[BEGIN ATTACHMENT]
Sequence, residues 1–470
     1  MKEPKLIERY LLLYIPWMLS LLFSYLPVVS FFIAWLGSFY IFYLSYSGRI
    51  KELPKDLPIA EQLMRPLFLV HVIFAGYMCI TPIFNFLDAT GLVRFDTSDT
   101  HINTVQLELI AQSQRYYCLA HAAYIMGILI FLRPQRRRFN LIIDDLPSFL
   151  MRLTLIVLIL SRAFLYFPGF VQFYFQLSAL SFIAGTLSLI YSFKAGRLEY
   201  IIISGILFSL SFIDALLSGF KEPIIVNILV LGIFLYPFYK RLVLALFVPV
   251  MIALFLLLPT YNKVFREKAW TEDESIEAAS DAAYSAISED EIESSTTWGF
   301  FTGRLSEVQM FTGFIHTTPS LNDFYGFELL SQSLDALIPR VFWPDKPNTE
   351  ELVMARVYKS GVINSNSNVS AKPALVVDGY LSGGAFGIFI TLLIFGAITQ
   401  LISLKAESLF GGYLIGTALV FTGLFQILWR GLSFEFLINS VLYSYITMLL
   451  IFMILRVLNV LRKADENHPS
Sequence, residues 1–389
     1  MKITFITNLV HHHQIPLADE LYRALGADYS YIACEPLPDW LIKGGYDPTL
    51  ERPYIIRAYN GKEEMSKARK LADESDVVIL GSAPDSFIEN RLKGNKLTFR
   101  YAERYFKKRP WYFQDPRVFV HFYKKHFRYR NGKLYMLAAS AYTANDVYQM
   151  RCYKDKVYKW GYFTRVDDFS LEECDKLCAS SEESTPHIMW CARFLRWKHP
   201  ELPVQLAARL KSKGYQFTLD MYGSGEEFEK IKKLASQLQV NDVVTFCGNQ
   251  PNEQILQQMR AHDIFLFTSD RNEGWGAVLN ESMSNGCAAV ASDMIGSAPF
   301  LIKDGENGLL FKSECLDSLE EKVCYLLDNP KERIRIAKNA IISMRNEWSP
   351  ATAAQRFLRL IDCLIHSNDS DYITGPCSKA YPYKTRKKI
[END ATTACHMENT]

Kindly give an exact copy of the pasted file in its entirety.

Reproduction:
Sequence, residues 1–470
     1  MKEPKLIERY LLLYIPWMLS LLFSYLPVVS FFIAWLGSFY IFYLSYSGRI
    51  KELPKDLPIA EQLMRPLFLV HVIFAGYMCI TPIFNFLDAT GLVRFDTSDT
   101  HINTVQLELI AQSQRYYCLA HAAYIMGILI FLRPQRRRFN LIIDDLPSFL
   151  MRLTLIVLIL SRAFLYFPGF VQFYFQLSAL SFIAGTLSLI YSFKAGRLEY
   201  IIISGILFSL SFIDALLSGF KEPIIVNILV LGIFLYPFYK RLVLALFVPV
   251  MIALFLLLPT YNKVFREKAW TEDESIEAAS DAAYSAISED EIESSTTWGF
   301  FTGRLSEVQM FTGFIHTTPS LNDFYGFELL SQSLDALIPR VFWPDKPNTE
   351  ELVMARVYKS GVINSNSNVS AKPALVVDGY LSGGAFGIFI TLLIFGAITQ
   401  LISLKAESLF GGYLIGTALV FTGLFQILWR GLSFEFLINS VLYSYITMLL
   451  IFMILRVLNV LRKADENHPS
Sequence, residues 1–389
     1  MKITFITNLV HHHQIPLADE LYRALGADYS YIACEPLPDW LIKGGYDPTL
    51  ERPYIIRAYN GKEEMSKARK LADESDVVIL GSAPDSFIEN RLKGNKLTFR
   101  YAERYFKKRP WYFQDPRVFV HFYKKHFRYR NGKLYMLAAS AYTANDVYQM
   151  RCYKDKVYKW GYFTRVDDFS LEECDKLCAS SEESTPHIMW CARFLRWKHP
   201  ELPVQLAARL KSKGYQFTLD MYGSGEEFEK IKKLASQLQV NDVVTFCGNQ
   251  PNEQILQQMR AHDIFLFTSD RNEGWGAVLN ESMSNGCAAV ASDMIGSAPF
   301  LIKDGENGLL FKSECLDSLE EKVCYLLDNP KERIRIAKNA IISMRNEWSP
   351  ATAAQRFLRL IDCLIHSNDS DYITGPCSKA YPYKTRKKI